Born Under a Million Shadows (this one does have an intercultural relationship and is a fantastic book set in Kabul so I suspect you’d enjoy it)
    A Good Indian Wife
    The Twentieth Wife (very educational and interesting)

    Goodness I could go on forever 🙂 I haven’t blogged in a very long time but maybe I’ll write one about my favorite books. Loved your suggestions and I’ll be checking out some of the ones you posted that you’ll be reading soon. Thanks! I use Shelfari to keep track of my books and it is where I get alot of suggestions for new books to read. Do you read any books from Nepali authors? I have read most of Samrat Upadhyay’s books in an attempt to soak up everything Nepal.

  2. Sharell says:

    Thank you so much for mentioning my book. And I’m really happy to be in touch with you. 😀

  3. tashsn says:

    The Ghurkha’s Daughter is written by one of my dear friends who was in Oxford with me. Can’t wait to write the review 🙂 If you read it before I do please review it too! I am being obstinate to only read once I receive the signed copy but I’m so happy its been talking about so much! 🙂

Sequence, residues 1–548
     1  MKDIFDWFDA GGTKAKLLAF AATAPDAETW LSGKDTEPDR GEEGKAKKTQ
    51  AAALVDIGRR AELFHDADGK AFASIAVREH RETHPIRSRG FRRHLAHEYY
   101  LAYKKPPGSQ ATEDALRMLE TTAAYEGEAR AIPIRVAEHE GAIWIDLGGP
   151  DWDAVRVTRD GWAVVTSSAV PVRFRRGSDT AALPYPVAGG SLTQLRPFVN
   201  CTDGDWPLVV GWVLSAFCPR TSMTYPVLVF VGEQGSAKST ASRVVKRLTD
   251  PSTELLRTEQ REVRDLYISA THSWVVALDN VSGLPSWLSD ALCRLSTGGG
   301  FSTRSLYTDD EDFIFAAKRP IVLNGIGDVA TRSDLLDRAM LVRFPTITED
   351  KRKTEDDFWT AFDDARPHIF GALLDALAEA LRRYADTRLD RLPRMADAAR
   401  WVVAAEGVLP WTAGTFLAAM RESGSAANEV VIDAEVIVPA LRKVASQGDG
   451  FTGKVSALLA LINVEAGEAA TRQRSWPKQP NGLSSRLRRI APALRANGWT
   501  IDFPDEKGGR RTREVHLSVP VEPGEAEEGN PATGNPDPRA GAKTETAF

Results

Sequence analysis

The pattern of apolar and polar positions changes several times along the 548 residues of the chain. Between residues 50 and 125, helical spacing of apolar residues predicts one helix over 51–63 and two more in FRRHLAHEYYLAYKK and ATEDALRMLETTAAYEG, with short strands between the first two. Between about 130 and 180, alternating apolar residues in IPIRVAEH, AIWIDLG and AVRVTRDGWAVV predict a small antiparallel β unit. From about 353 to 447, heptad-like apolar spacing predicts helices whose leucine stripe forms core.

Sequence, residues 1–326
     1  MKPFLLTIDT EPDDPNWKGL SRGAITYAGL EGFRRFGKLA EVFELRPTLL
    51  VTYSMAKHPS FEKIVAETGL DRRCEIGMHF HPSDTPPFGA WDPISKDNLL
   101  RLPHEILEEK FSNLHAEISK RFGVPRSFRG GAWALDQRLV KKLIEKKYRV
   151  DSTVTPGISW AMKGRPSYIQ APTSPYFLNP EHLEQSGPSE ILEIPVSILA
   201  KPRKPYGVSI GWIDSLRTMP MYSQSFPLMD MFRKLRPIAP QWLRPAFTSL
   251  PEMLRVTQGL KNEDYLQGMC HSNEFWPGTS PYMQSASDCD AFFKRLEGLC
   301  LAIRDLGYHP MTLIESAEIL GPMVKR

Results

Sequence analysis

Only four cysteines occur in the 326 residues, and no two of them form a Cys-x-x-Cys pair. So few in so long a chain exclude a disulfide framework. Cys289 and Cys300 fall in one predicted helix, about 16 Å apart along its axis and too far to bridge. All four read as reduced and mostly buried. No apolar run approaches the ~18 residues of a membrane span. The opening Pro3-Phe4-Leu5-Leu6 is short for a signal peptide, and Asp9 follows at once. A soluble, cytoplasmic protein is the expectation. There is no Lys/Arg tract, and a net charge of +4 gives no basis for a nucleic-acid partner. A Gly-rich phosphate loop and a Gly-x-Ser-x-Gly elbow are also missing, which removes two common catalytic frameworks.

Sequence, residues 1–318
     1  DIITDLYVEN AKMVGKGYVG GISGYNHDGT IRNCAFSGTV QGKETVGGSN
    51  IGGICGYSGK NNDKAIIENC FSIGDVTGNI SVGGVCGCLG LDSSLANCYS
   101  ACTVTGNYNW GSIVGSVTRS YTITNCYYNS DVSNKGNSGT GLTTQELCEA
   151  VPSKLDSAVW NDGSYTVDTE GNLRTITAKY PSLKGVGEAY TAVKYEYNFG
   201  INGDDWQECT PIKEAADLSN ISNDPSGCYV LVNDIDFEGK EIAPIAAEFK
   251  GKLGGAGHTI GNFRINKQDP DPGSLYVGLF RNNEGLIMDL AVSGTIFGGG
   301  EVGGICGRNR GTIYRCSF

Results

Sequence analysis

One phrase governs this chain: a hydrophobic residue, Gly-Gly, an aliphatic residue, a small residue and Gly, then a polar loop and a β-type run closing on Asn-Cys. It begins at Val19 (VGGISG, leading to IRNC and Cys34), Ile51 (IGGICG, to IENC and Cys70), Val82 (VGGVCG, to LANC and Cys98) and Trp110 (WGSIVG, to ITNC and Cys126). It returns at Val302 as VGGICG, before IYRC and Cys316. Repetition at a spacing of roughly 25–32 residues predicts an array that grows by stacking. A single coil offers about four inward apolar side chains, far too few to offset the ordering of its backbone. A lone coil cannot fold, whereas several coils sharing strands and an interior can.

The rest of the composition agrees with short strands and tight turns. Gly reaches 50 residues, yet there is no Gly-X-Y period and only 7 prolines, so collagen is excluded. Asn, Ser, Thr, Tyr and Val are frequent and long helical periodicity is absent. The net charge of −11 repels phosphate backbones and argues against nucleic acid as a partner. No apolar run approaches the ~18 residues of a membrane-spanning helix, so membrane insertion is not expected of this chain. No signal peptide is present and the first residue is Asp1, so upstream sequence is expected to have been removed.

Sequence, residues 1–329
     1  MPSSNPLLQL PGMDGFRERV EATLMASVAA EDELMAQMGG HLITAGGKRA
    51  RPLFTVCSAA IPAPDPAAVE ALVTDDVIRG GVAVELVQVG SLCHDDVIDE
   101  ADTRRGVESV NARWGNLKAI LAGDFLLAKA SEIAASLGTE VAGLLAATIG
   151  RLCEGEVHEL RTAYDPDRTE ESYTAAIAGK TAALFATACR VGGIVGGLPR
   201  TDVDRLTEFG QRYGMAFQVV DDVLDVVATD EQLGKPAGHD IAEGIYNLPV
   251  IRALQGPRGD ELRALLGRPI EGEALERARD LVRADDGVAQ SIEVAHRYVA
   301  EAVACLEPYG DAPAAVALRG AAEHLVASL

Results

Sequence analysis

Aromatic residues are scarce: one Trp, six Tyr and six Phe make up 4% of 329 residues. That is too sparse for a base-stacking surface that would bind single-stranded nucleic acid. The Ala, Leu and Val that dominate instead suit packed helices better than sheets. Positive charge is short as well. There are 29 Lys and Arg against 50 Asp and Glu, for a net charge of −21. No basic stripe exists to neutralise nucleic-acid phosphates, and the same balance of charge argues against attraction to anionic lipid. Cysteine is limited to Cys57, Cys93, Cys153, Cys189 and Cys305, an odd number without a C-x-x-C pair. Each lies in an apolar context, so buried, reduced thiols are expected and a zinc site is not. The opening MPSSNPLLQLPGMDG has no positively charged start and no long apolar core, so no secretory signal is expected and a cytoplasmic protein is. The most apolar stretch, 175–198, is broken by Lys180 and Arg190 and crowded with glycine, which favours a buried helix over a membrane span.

• wow really? can’t believe he is one of your friends. he is indian and nepali because his mother is from nepal and his father is indian, is that right?

      • tashsn says:

        Yes that’s right his father is Sikkimese. We became friends while studying at Oxford and he’s my momo buddy and also a friend a childhood friend of A’s didi. Its a small world. He’s the one who encouraged me to start this blog, long before his writer days. 🙂

  4. Helene says:

    I am looking very much forward to read your suggestions, especially “henna for the broken hearted” and “little princes”. I also have an addition to your list: (Book about intercultural relationships): “White masai” by Corinne Hoffman. I love your blog by the way, even though I am not so far in my own intercultural relationship with a nepalese man yet….(But my ex boyfriend was also nepalese, as my current one, so I am reading your blog with a lot of interest)